Updated October 3, 2017: • After a new round of research and testing, we’ve decided that our new external DVD drive pick is the LG GP65NB60. If that model is unavailable, get the LG SP80NB80 instead. Our external Blu-ray drive Show more • After a new round of research and testing, we’ve decided that our new external DVD drive pick is the.
Blu-ray discs are the gold standard in physical movie formats right now. Tomb raider underworld wii guide. You probably have a decent Blu-ray collection of your favorite movies, but without a Blu-ray drive, you can't play them on your Mac.
If that model is unavailable, get the instead. Our external Blu-ray drive picks, the and, remain the same, and if the Pioneer models are unavailable we recommend the. If the GP65NB60 (or any of its color variants) is unavailable, we recommend the because it is just as quiet, and it rips and burns DVDs at about the same speed. Roughly the same size as our top pick, the SP80NB80 has a matte case that shows fewer fingerprints.
It also connects via Micro-USB, a cable type that’s a bit easier to find and replace than Mini-USB. However, this drive costs significantly more than our pick when not on sale, and currently it’s available only at. Depending on the price, you might also have to pay for shipping.
If you have a big Blu-ray collection to digitize and only rarely use DVDs, or if our Pioneer Blu-ray pick spikes in price, get the instead. Compared with our top Blu-ray pick, it’s about 30 percent faster at ripping Blu-ray discs—which comes out to around 15 minutes per disc—and slightly faster burning them, for about the same price.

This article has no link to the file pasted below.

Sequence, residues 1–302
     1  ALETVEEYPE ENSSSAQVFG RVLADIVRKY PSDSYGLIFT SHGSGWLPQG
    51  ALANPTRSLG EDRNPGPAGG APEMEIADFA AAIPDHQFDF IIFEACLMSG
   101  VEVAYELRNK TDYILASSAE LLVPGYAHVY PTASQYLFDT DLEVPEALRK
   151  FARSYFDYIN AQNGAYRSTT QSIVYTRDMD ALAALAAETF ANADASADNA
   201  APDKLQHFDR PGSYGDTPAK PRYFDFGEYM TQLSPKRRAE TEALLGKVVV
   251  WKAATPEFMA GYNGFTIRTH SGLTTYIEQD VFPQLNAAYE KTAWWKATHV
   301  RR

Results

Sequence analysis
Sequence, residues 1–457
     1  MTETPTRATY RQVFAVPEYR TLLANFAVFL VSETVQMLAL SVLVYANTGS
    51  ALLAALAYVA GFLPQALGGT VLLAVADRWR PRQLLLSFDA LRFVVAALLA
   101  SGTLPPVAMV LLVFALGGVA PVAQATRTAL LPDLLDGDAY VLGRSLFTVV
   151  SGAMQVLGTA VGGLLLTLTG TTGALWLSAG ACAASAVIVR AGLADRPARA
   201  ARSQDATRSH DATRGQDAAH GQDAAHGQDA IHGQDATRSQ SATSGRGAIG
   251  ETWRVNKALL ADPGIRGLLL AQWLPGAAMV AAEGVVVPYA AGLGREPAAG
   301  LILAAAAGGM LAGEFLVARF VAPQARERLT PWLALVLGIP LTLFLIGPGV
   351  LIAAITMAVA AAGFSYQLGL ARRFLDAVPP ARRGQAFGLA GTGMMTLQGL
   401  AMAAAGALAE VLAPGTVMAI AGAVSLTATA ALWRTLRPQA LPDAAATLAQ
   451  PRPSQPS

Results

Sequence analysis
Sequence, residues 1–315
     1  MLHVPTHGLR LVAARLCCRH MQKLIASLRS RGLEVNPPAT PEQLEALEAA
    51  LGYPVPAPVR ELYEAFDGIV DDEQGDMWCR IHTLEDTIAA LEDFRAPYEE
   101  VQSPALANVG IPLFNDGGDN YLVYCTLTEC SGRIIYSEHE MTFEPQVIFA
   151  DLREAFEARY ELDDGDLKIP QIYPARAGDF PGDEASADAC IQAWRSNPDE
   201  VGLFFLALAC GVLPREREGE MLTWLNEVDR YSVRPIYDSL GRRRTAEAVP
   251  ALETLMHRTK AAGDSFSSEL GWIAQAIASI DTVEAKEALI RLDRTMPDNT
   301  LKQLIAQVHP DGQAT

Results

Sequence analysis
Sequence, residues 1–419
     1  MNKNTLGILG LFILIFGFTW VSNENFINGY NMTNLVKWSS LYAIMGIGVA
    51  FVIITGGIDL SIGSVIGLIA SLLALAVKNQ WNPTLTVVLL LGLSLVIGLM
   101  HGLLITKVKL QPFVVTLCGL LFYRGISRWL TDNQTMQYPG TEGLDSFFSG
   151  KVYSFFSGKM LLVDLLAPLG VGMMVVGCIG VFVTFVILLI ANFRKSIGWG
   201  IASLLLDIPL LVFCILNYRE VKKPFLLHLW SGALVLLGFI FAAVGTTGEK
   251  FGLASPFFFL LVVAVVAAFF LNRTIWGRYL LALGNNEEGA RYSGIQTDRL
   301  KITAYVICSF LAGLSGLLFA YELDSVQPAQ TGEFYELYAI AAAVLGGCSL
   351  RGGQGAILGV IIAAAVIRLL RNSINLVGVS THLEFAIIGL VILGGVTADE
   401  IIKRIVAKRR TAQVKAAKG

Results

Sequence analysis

But if Blu-rays are more of an occasional need for you, and you mostly use DVDs, our top pick is a better choice. The LG WP50NB40 is also louder, and a bit larger and heavier, than the Pioneer drive. Kevin Purdy has been writing for Wirecutter since 2013, testing and assessing products both subjective and seemingly inscrutable. He has written guides to,,,, and many more items with small differences between them. Campbell hausfeld airless paint sprayer. Kimber Streams has covered technology for six years, and has been a PC expert for Wirecutter for more than three years.
They’ve tested hundreds of laptops, even more storage devices, and way too many peripherals—including wireless mice, mechanical keyboards, and optical drives. Who this is for. With the ubiquity of streaming services, cloud storage, and (slowly) increasing broadband speeds, many people no longer need optical discs, and most new laptops don’t have optical drives. But plenty of people still need to use such a drive occasionally, whether to play a movie on DVD or Blu-ray, install software that isn’t downloadable from the Internet, or back up data or a personal media library. If you still need an optical drive, but only sometimes, you’re better off getting one that connects via USB rather than buying a chunky laptop with a built-in drive. Over years of testing, we’ve found that external optical drives have few big differences between them—they tend to look alike and perform similarly.